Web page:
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A Union of States or of the People

May 25, 2018

 

I have never been able to understand why it is so difficult, draining and expensive to do business or travel within Africa. Visa and immigration stress, high airfares, high import and export rates, expensive phone call charges, non-availability of direct flights, etc. I always ask myself why nothing is being done by our leaders in this regard.

 

I had the opportunity to school in the Hexagon for about two years. France is a founding member of the European Union. Even as a foreign student, I benefited from some of the privileges European citizens enjoyed. After obtaining my Titre de sejours, I was free to visit any of the Schengen countries. I remember how I grabbed my bag and jumped on the train to Amsterdam when school was on break. I don’t remember being approached by any immigration officer for questioning. I wish this was the case in my very own continent where I had to argue with an immigration officer at the Ghana-Togo border because I refused to pay a bribe to enter Togo.

 

You might be wondering why I am talking about the European Union when today is African Union day.

 

Let me explain to you what it means to be an EU citizen; your fundamental human rights are guaranteed and it,s a priority for your leaders, you are free to enter and leave any of the 28 member states at all times, live and work in any state, you pay local rates for your mobile phone and health facilities are accessible to all. How I wish! The last thing you will want to do when you travel within Africa is to make a phone call to your family back at home.

 

The EU which has grown to become the biggest Union in the world has the largest economy and serves over 508 million European citizens. I normally tell my friends that the EU didn’t just get here overnight. It took the conscious efforts, commitments and determination of the leaders and citizens to get to where it is today.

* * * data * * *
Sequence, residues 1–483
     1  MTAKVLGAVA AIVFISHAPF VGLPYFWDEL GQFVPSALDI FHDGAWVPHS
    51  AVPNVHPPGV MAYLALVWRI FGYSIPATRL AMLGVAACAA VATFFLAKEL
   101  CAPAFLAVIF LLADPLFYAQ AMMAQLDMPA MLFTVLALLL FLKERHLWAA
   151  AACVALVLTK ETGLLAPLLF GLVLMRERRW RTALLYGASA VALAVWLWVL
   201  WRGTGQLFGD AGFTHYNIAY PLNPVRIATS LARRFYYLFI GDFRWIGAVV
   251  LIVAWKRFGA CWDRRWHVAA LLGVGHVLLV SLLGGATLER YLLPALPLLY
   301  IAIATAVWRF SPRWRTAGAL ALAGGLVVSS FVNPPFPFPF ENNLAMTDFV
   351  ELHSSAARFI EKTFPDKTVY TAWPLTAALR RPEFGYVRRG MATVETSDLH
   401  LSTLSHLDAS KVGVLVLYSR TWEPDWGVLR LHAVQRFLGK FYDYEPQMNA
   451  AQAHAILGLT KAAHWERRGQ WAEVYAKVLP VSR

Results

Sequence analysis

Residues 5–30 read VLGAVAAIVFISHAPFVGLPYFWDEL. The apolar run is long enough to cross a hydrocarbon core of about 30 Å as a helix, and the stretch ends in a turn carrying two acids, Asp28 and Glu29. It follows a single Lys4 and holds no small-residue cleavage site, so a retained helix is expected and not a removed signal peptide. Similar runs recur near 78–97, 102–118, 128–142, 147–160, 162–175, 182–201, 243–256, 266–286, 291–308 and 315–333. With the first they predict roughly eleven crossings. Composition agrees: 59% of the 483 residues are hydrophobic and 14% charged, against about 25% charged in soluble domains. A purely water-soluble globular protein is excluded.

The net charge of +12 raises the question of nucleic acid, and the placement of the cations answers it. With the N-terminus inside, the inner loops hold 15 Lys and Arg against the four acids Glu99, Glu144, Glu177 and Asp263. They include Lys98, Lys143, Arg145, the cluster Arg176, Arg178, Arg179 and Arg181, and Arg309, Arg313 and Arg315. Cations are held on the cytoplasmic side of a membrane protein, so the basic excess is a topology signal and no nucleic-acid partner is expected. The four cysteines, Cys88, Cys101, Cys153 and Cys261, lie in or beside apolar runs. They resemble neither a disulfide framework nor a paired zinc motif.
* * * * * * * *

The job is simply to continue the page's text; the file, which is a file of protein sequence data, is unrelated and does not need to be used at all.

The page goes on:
The Union has become stronger than before. Members tend to support each other in times of need. Their approach towards resolving the Eurocrisis is worth emulating.  Joint efforts have been put in place towards overcoming the economic and social crisis that hit Europe as a result of banking and real estate speculation and poor management. Greece though debatable was not left alone in its struggle. The TROIKA which was set up to resolve the crisis saved Ireland from crashing. Though painful, the big powers of the Union supported the weak nations to bounce back again because they believed that "one person’s pain is their shared pain and their success is theirs."

 

Leaders of the EU continue to put its citizens first and involving them in decision-making processes. This is so because they recognise the powerful role citizens have to play to ensure the growth of the Union.

 

Undoubtedly, the Union is faced with challenges but no matter the challenges there is this admirable spirit of togetherness and commitment among its members. 

 

As we commemorate African Union(AU) day today, I will like to remind our leaders that we need an AU of the people, one that resonates with the needs and concerns of its people; an Africa where I am free to move around, speak freely, have access to improved health care, good living standard etc.

 

Until this sense of usefulness of the AU is felt among Africans, we can never have an AU of the people. African leaders must tackle the root causes of why the AU is not growing any stronger since its birth. How can we even be talking of having a united Africa when xenophobic attacks are on the high, when member states continue to compete among themselves for business opportunities from the West, when other African leaders remain silent when citizens’ rights are being violated, when poverty and inequality continue to spread like wild fires due to bribery and corruption and misappropriation of funds? African leaders need to remember that the EU recognised right from the beginning the powerful role the people had to play in making the EU strong.

 

I will like to end this article with a quote from the former president of South Africa, late Nelson Mandela “I dream of the realisation of the unity of Africa whereby its leaders combine in their efforts to solve the problems of this continent. I dream of our vast deserts, of our forests, of all our great wildernesses.”

 

I believe Africa is able one day but what I am not sure about is if we will ever get there without a conscious effort.

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